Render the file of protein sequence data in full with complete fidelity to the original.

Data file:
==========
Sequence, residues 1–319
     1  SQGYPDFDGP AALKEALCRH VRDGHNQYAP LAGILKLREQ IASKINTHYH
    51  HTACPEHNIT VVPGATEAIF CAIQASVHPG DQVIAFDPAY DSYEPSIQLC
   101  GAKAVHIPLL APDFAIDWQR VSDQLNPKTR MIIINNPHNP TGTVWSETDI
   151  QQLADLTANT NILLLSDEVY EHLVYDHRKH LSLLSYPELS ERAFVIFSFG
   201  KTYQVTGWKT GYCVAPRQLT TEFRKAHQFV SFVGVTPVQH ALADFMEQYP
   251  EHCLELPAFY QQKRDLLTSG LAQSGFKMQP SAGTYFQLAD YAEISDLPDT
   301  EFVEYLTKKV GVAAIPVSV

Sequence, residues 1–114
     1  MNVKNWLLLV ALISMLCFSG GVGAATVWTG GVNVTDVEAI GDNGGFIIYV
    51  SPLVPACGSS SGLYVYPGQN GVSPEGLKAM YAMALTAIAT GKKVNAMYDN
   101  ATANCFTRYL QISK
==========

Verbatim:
Sequence, residues 1–319
     1  SQGYPDFDGP AALKEALCRH VRDGHNQYAP LAGILKLREQ IASKINTHYH
    51  HTACPEHNIT VVPGATEAIF CAIQASVHPG DQVIAFDPAY DSYEPSIQLC
   101  GAKAVHIPLL APDFAIDWQR VSDQLNPKTR MIIINNPHNP TGTVWSETDI
   151  QQLADLTANT NILLLSDEVY EHLVYDHRKH LSLLSYPELS ERAFVIFSFG
   201  KTYQVTGWKT GYCVAPRQLT TEFRKAHQFV SFVGVTPVQH ALADFMEQYP
   251  EHCLELPAFY QQKRDLLTSG LAQSGFKMQP SAGTYFQLAD YAEISDLPDT
   301  EFVEYLTKKV GVAAIPVSV

Sequence, residues 1–114
     1  MNVKNWLLLV ALISMLCFSG GVGAATVWTG GVNVTDVEAI GDNGGFIIYV
    51  SPLVPACGSS SGLYVYPGQN GVSPEGLKAM YAMALTAIAT GKKVNAMYDN
   101  ATANCFTRYL QISK